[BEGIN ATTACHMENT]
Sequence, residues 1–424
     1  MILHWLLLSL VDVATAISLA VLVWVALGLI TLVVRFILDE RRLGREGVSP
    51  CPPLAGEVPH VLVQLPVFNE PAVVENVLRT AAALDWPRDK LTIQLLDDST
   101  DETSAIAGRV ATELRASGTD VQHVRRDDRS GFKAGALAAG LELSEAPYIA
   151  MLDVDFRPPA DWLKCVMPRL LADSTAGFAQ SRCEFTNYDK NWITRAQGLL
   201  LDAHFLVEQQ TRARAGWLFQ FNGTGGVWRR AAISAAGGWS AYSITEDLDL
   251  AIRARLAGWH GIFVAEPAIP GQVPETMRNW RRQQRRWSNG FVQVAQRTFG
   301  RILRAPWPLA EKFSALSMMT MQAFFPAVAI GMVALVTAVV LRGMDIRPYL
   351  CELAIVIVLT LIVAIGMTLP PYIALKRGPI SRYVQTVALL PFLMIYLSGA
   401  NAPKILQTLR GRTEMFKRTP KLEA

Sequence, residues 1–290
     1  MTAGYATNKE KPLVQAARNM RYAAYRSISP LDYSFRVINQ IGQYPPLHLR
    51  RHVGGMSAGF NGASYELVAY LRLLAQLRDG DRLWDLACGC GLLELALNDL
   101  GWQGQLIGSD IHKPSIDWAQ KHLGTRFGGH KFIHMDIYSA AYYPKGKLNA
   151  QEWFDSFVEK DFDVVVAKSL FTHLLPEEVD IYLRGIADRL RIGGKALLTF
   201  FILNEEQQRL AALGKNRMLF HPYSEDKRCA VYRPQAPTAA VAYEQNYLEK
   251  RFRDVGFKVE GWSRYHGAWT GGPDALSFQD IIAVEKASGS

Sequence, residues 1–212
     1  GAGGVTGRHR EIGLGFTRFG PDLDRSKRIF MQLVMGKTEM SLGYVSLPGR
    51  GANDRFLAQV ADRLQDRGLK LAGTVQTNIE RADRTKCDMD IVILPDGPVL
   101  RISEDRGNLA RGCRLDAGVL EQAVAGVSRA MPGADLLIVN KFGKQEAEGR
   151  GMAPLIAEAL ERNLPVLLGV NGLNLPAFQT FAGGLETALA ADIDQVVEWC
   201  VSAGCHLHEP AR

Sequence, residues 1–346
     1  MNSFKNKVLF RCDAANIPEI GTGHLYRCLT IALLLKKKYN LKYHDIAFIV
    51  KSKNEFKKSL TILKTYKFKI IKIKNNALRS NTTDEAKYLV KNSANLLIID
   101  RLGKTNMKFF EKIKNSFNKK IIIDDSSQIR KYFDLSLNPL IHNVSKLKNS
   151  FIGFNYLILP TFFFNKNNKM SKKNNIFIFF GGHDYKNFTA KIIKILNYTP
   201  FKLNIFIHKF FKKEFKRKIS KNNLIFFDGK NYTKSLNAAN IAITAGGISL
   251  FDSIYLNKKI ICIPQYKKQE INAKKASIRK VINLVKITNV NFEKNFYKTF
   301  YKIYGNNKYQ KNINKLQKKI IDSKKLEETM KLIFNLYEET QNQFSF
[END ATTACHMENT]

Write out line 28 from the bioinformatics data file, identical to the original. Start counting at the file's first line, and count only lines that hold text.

   151  FIGFNYLILP TFFFNKNNKM SKKNNIFIFF GGHDYKNFTA KIIKILNYTP